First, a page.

The Teachers’ Retirement System of the State of Illinois (TRS), is missing out on the fifth fund of Texas Pacific Group (TPG), thanks to an Illinois state law requiring public pension funds to divest from assets that have business ties to Sudan.
Missing out on the next TPG fund is something to be sore about. The firm recently scored on its investment in Burger King Holdings Inc. (NYSE: BKC), which it bought for $1.5 billion in 2002 as part of a consortium with Goldman Sachs Capital Partners and Bain Capital. Burger King launched a $425 million IPO in May and its market capitalization after the public offering has reached $2.4 billion, leading some private equity analysts to estimate TPG’s internal rate of return, accounting for its debt leverage, at more than 85 percent.
Federal law already prohibits U.S. companies from doing business in Sudan, a country that is alleged to be sponsoring genocide in the Darfur region. But the Illinois law, which became effective at the end of January, goes further. Companies found to be doing business with Sudan can be penalized by the Office of Foreign Assets Control and could be considered sponsors of terrorism. Also, companies must certify under oath that they do not have assets, employees or other ties to the Sudan, or else they are forbidden from receiving investments from the state.
TRS Chief Investment Officer Stan Rupnik said that while the law is noble, the unintended consequences for private equity need to be addressed.
“The requirements that the law places on private equity is more onerous than they are for the public market,” he says. “None of our GPs have a problem with the intent of the law, but they have a problem putting their name on the line [that says] they have personal liability.”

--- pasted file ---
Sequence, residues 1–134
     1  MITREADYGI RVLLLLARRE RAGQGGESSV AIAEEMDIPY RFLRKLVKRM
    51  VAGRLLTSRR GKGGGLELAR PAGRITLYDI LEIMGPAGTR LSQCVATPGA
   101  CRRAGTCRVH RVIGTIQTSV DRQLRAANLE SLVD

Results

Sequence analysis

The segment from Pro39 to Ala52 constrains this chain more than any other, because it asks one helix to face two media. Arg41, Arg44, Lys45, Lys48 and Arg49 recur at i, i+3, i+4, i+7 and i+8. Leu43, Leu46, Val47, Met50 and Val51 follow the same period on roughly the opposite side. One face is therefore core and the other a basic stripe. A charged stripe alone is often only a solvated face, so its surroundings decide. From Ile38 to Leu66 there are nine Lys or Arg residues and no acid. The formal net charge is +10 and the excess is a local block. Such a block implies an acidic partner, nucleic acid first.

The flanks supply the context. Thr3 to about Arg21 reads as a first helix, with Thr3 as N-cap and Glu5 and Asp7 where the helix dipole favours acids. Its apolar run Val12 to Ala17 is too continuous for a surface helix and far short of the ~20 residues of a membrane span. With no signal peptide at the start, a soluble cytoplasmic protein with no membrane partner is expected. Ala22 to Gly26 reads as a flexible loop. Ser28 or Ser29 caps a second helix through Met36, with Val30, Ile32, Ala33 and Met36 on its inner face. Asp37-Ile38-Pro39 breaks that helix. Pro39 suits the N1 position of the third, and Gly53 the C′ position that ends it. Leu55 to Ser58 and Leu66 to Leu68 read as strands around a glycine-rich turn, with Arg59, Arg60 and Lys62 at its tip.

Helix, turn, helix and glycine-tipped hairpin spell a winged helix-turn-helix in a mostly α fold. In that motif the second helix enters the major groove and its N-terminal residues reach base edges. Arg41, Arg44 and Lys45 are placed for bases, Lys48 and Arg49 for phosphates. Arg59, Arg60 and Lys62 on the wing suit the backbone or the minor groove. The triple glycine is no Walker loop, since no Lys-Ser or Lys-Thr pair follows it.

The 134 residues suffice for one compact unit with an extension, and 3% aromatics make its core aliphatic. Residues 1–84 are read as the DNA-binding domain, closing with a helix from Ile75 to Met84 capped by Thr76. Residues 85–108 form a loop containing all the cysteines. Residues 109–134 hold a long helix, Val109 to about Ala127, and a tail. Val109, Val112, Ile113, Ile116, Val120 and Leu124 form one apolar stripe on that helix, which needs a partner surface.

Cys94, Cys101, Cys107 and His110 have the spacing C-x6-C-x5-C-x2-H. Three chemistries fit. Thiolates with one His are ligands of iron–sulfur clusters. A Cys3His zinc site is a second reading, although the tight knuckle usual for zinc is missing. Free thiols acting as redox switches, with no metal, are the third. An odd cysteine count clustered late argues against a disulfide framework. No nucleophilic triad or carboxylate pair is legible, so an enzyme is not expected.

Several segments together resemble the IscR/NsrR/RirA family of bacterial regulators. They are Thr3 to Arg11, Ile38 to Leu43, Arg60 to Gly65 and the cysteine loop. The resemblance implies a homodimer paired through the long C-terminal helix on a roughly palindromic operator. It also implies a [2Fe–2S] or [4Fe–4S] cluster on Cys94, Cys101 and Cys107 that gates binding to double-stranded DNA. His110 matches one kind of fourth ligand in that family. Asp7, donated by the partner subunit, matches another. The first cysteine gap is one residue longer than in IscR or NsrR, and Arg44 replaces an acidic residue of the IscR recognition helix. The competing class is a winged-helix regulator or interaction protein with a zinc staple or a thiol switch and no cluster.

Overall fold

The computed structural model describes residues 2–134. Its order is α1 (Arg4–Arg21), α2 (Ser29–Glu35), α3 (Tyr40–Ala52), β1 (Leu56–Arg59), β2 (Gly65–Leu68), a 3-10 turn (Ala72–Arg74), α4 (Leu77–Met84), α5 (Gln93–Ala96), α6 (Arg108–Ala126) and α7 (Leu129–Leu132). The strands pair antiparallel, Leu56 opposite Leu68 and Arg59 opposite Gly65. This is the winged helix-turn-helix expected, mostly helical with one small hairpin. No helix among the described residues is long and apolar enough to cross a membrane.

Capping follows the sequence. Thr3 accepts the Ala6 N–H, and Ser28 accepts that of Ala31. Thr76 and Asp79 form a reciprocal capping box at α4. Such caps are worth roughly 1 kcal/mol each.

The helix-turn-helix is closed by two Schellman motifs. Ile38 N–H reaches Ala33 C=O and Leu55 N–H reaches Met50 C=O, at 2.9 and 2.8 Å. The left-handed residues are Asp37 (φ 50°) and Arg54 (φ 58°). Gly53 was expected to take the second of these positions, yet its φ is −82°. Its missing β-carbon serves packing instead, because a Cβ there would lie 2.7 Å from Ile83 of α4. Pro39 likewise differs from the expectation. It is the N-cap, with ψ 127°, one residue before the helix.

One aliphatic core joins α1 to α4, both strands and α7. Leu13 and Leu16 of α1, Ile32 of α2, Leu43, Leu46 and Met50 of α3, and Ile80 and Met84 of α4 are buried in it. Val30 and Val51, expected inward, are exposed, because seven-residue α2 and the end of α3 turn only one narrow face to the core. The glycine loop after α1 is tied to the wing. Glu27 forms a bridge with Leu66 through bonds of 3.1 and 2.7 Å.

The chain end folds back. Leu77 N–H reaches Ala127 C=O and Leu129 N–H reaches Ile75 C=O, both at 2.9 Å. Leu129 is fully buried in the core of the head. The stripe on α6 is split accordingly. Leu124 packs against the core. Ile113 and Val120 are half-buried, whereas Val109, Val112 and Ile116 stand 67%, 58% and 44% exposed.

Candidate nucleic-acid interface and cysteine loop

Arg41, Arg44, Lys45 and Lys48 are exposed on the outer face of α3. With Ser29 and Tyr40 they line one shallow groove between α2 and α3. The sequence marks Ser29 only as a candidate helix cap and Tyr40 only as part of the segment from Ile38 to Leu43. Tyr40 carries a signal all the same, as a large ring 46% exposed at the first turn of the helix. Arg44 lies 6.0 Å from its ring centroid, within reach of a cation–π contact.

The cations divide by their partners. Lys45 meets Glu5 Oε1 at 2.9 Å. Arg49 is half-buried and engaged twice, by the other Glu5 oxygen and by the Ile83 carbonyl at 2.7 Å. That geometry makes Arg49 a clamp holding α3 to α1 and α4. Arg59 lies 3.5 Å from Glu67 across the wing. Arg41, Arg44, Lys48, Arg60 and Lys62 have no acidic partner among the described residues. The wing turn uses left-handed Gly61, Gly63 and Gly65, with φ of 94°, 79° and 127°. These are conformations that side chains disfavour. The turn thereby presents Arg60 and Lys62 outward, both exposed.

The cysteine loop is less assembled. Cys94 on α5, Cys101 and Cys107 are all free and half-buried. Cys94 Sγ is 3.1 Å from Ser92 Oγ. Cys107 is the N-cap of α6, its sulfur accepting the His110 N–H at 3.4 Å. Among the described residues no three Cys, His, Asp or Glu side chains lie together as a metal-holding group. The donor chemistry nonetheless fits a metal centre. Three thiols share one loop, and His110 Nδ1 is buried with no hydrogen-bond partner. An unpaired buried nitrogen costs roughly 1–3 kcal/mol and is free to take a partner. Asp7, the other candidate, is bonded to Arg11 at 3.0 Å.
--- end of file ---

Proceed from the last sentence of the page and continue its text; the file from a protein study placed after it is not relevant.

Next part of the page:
TRS has taken a $1.2 million hit from dumping $2.4 billion worth of co-mingled index funds since the end of January and still has another $900 million to divest before it will be fully compliant with the new state law.
Concern over the TRS divestitures has not spread to its stable of venture investments. TRS has invested in such firms as Granite Ventures, Draper Fisher Jurvetson, Accel Partners, Shasta Ventures Management and Lightspeed Venture Partners.
Tod Francis, a managing director of Shasta Ventures, said the TRS divestitures did not apply to his firm because it has no investments outside the United States. Similarly, Len Rand, a managing director of Granite Ventures said his firm had not been contacted by TRS about potential links to Sudan.
The move to ban money flowing into Sudan may not be on the minds of many venture firms yet, but as other large limited partners move to block Sudanese business it could become a concern. The California Public Employees’ Retirement System (CalPERS), for example, recently announced that it wouldn’t be investing in nine companies that do business in Sudan. The move is subject to legislation that would require the State of California to indemnify CalPERS from any financial loss from the mandate. CalPERS has called on the federal government to publish a list of companies with ties to Sudan to take some of the burden off of GPs.
One of the biggest problems with such mandates is determining who does business in Sudan. “Other than making it a condition of investment, I don’t know how we could unilaterally prevent it,” Rand says.
It would be a violation of the firm’s fiduciary duty to its companies and limited partners to put such a clause in as a condition of investment, he adds.
But even if complying with such investment mandates were easy, some VCs doubt such measures would have any effect. “Most of these two-bit dictators don’t care too much about investment – outside of their Swiss bank accounts,” says Robin Bellas, a general partner at Morgenthaler Ventures. Those most likely to feel the effects of such a rule are the pensioners who won’t benefit from the portfolio diversification that can come from investing in alternative asset classes.